When networking, count your contacts -- and make them count
When Jennifer Folsom left a major consulting job, she wanted more time for her twin sons, then age 4. So she picked up a few freelance projects from her huge network of friends. After a year, a college sorority sister contacted her about Momentum Resources, which places mothers and others in professional jobs that allow time for living.
After opening its Washington area office two years ago, Folsom continues to expand it through her connections and word of mouth. "All our candidates and all our clients come from networking," she said.
Networking helped her career and her business, and she and many others say it is "the smartest way to manage your career" or land a new job.
Yet before you don your hot power suit and hand out hundreds of business cards, you need to understand what networking really is. It's developing mutually beneficial relationships based on trust and goodwill so information, assistance and resources can be shared. Folsom calls it "building your own village" and it relies as much or more on kindness and karma as business savvy, job leads or social media.
So at the next networking event, think how you can help others, said Nancy R. Mitchell, owner of The Etiquette Advocate in Bethesda. "It's a whole lot more comfortable making connections and helping other people," she said, with a secondary goal of seeing where those connections could lead you.
A helpful attitude may remove any desperation or dreariness you may harbor and help convey an attitude that says, "I'm so confident I still have a lot of talent to offer," Mitchell said. "You want to be an individual, not just a business card, not just one more desperate job seeker."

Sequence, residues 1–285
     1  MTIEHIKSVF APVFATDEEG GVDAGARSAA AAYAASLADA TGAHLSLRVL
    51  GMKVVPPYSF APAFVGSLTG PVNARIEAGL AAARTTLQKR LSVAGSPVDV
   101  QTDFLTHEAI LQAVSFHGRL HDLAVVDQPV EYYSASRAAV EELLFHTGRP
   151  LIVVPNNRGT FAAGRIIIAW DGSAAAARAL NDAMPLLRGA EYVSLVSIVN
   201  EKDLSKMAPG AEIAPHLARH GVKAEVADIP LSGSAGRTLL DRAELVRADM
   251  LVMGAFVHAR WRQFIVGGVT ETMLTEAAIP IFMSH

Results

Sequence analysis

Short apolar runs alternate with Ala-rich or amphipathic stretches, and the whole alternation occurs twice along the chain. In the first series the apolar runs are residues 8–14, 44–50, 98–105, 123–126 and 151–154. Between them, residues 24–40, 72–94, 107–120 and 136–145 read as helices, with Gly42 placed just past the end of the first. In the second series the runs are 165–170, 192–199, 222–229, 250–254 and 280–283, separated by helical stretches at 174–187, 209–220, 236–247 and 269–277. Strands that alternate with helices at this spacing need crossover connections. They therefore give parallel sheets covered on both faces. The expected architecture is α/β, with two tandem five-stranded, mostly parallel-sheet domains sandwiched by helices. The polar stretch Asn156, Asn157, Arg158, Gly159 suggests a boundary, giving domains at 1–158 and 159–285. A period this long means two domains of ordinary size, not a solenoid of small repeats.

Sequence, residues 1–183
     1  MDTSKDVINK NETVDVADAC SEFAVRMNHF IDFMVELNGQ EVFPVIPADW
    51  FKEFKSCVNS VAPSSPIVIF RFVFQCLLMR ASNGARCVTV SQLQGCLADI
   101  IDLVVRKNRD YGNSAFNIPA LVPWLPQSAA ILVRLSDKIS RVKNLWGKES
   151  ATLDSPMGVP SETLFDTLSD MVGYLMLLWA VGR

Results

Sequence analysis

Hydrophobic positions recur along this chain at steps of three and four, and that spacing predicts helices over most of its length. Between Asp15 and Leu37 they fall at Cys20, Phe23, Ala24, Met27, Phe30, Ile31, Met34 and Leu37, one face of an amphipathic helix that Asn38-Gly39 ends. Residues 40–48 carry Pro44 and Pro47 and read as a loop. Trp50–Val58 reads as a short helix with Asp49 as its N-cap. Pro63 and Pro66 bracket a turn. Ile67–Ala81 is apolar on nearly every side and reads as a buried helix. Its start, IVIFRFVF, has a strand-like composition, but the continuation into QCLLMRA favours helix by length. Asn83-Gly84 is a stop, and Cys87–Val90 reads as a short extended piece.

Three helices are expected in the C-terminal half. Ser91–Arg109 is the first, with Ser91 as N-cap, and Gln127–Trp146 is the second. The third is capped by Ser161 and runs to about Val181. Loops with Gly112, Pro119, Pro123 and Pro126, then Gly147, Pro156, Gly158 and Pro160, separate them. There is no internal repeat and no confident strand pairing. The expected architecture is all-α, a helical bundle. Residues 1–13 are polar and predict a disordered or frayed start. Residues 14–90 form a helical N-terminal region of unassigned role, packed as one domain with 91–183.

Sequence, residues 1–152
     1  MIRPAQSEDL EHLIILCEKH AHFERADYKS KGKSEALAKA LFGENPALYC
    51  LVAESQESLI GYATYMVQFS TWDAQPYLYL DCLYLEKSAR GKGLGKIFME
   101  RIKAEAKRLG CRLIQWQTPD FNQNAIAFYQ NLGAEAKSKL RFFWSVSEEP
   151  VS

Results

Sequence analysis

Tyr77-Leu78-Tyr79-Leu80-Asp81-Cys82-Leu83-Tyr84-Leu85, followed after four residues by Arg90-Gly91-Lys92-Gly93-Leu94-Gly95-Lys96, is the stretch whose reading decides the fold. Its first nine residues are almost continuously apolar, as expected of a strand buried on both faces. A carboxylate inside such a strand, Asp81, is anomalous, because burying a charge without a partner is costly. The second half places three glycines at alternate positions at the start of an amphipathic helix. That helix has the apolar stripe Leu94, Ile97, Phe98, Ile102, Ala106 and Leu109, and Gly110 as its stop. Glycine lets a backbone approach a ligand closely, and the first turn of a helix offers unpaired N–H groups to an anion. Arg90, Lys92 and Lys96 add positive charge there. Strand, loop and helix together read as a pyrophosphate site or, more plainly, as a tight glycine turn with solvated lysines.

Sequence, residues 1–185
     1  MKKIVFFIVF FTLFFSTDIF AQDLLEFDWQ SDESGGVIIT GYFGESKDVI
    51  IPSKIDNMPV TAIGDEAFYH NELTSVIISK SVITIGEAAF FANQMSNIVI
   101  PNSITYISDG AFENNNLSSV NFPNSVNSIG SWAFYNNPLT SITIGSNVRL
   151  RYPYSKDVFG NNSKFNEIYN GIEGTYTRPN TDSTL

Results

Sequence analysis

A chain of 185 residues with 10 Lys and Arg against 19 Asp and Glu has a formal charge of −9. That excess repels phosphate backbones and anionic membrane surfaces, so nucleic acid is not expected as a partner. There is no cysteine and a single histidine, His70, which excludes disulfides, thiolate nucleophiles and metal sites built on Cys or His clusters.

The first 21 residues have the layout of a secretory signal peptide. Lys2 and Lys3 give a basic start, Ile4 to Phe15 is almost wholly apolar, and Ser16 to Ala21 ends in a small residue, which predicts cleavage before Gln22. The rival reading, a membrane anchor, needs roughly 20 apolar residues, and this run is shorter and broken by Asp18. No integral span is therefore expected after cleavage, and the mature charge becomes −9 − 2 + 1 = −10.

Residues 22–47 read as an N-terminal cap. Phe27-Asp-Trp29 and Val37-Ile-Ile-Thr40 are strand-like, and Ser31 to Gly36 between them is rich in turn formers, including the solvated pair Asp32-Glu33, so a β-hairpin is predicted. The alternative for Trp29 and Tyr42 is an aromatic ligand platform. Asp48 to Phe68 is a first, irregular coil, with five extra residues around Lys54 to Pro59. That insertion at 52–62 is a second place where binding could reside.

Folsom agreed: "It's crowded. You've got to stand out."
She suggests a three-tiered approach:
-- ONLINE. Develop your LinkedIn profile and "track down everyone you've ever worked with." Ask for introductions and testimonials. Put a reminder on your calendar to set aside a half hour twice a week to look for new connections and groups, and build your profile.
-- OFFLINE. Set a goal for how many events and one-on-one meetings you'll go to each month. (Folsom's goals are one and six, respectively.) Choose great events by asking people which ones they find valuable and which are a waste of time. Schedule individual meetings over coffee -- figure 20 to 30 minutes of time. Then appeal to the person as an expert, asking them about their challenges, career path and perhaps some advice.
-- FOLLOW UP. She figures on spending two hours on e-mails, thank you notes and the like for every one hour spent networking. "You're actually building a relationship" this way, she said. As often as you can, help people with a Web site or book title or other need you identified when you met them.
Remember that it takes six to eight contacts before a new contact really knows who you are, "before they assess your character and your competency enough to recommend you," said Lynne Waymon, CEO of Contacts Count, which teaches professional networking.